Limerick man killed in domestic dispute in North Carolina

County Sheriff’s office received emergency call following alleged assault at house

Jason Corbett (inset) and a general view of Panther Creek Court, Wallburg  on Google Street.

Jason Corbett (inset) and a general view of Panther Creek Court, Wallburg on Google Street.

 

Police in the US are continuing their investigation into the death of a Limerick man who was killed in a suspected domestic disturbance at his home in North Carolina.

Jason Corbett (39), who is originally from the Janesboro area of Limerick city, was found at Panther Creek Court in Wallburg with fatal head injuries early on Sunday morning.

The father of two children, Jack (8) and Sarah (10), moved to America four years ago after his first wife Mags Corbett died following an asthma attack in 2006.

Its understood Mr Corbett was living in North Carolina with his new partner who is American and who previously worked as a child minder.

Reports indicate that shortly after 3am on Sunday, the County Sherrif’s house received an emergency call regarding an alleged assault at a house in Panther Creek Court.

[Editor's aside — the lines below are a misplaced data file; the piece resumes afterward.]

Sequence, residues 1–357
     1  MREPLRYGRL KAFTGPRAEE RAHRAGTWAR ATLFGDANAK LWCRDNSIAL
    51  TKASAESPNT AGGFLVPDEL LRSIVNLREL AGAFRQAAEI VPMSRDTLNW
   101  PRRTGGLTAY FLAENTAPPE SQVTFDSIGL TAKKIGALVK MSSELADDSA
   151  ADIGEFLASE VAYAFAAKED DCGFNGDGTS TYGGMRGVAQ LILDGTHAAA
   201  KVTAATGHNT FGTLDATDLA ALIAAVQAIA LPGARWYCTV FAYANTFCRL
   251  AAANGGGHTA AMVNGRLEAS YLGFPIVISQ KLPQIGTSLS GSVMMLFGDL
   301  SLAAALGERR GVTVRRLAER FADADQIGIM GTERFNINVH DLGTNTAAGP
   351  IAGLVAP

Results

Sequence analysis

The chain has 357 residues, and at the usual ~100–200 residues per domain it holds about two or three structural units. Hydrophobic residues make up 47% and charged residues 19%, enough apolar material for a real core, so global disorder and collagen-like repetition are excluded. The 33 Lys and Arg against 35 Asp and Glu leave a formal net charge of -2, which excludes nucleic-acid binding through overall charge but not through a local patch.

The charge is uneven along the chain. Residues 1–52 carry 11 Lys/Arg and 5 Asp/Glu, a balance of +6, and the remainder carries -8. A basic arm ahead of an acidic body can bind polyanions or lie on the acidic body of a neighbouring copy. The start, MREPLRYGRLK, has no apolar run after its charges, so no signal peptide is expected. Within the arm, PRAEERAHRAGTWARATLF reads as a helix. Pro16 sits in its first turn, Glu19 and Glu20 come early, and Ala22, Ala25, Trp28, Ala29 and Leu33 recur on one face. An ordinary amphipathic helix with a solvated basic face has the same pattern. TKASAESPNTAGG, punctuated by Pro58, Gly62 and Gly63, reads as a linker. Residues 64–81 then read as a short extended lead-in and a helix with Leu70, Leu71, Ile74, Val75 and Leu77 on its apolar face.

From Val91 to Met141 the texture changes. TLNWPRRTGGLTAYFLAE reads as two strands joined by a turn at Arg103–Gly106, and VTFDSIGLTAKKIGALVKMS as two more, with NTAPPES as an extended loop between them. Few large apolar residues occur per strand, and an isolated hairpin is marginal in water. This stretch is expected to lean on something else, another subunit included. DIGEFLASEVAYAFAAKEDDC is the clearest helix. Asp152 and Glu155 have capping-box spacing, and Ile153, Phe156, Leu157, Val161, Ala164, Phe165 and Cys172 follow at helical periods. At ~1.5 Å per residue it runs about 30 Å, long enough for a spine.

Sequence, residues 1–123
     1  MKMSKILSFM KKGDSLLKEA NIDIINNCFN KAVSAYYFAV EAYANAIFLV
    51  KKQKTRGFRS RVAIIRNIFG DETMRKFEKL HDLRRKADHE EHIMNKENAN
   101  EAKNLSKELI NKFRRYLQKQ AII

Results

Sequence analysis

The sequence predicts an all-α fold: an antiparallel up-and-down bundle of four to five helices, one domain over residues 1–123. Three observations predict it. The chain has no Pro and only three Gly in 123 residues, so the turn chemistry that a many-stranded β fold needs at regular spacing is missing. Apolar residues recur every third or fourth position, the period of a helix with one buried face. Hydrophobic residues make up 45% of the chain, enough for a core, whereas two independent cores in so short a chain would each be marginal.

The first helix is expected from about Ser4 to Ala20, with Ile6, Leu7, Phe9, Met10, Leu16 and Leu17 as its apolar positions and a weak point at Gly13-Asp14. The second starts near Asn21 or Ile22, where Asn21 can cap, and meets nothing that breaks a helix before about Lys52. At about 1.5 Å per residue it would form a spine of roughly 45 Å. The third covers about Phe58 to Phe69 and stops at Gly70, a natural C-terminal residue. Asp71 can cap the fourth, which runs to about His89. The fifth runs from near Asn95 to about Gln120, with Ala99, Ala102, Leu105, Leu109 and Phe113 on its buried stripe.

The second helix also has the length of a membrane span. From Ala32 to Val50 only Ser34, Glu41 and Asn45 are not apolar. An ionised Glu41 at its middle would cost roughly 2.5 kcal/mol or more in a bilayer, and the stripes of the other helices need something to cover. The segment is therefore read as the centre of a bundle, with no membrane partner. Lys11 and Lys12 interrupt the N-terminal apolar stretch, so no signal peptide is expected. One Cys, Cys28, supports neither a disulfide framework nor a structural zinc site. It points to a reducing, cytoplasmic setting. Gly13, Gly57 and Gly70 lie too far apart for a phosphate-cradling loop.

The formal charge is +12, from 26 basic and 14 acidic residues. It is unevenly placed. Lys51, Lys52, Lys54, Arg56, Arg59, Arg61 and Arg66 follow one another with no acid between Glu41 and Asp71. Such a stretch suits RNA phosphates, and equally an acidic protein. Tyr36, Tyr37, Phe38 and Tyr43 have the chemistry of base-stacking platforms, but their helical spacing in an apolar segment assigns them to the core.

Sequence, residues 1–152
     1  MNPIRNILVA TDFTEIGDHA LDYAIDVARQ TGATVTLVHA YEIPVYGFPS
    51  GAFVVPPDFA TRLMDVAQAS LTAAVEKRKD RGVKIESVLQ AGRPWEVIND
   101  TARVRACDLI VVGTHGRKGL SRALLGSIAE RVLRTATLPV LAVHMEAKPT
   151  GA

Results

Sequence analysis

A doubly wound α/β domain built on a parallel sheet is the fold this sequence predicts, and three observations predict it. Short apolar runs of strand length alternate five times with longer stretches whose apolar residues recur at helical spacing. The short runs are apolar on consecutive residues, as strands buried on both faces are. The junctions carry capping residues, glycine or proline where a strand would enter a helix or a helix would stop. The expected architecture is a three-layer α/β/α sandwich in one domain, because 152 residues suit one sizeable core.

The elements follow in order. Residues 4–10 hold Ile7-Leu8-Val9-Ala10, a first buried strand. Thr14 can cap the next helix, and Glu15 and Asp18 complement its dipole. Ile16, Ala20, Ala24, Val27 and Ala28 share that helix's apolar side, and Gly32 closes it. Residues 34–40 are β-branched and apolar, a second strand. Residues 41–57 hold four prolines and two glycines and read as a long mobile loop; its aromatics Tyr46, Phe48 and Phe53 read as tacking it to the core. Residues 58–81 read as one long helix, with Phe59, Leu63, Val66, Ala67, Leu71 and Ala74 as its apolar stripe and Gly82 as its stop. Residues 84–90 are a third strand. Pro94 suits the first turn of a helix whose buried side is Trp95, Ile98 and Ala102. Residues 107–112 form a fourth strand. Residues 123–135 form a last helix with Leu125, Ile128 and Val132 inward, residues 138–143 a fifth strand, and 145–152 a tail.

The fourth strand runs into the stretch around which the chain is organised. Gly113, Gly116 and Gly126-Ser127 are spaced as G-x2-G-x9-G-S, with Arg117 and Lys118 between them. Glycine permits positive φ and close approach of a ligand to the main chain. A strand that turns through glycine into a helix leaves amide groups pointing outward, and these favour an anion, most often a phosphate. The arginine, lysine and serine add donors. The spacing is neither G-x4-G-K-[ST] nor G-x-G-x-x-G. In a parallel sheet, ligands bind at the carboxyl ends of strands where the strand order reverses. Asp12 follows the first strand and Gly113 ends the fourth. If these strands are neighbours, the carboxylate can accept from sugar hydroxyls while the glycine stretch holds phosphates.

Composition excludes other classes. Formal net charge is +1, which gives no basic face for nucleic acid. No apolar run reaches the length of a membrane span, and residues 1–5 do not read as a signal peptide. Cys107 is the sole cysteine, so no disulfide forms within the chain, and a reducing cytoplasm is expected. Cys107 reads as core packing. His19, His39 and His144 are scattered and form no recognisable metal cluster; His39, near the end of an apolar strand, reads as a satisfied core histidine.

Upon arrival, police found Mr Corbett inside the house, unconscious and unresponsive having suffered head injuries.

Emergency medical treatment was given at the scene but Mr Corbett subsequently died.

During the investigation, deputies determined that Mr Corbett sustained his injuries during a domestic disturbance.

Davidson County Sheriff David Grice said detectives were following a definite line of inquiry.

“There are persons of interest within the family,” Sheriff Grice said in a statement. “We are currently still investigating and waiting for autopsy results.”

No arrests have been made but investigators say that they are not looking for anyone outside the home.

It is understood an item which is believed to have been used to inflict the fatal head injury was found at the scene.

Mr Corbett, who has a twin brother living in Limerick, is also a brother of well-known Limerick community activist Tracey Lynch, the chief executive of Tait House in Southill.

“We’re absolutely devastated. He was a really loving brother,” said Ms Lynch. “He was caring and good fun to be around, a terrific man and a great dad to his kids. He was devoted to them.”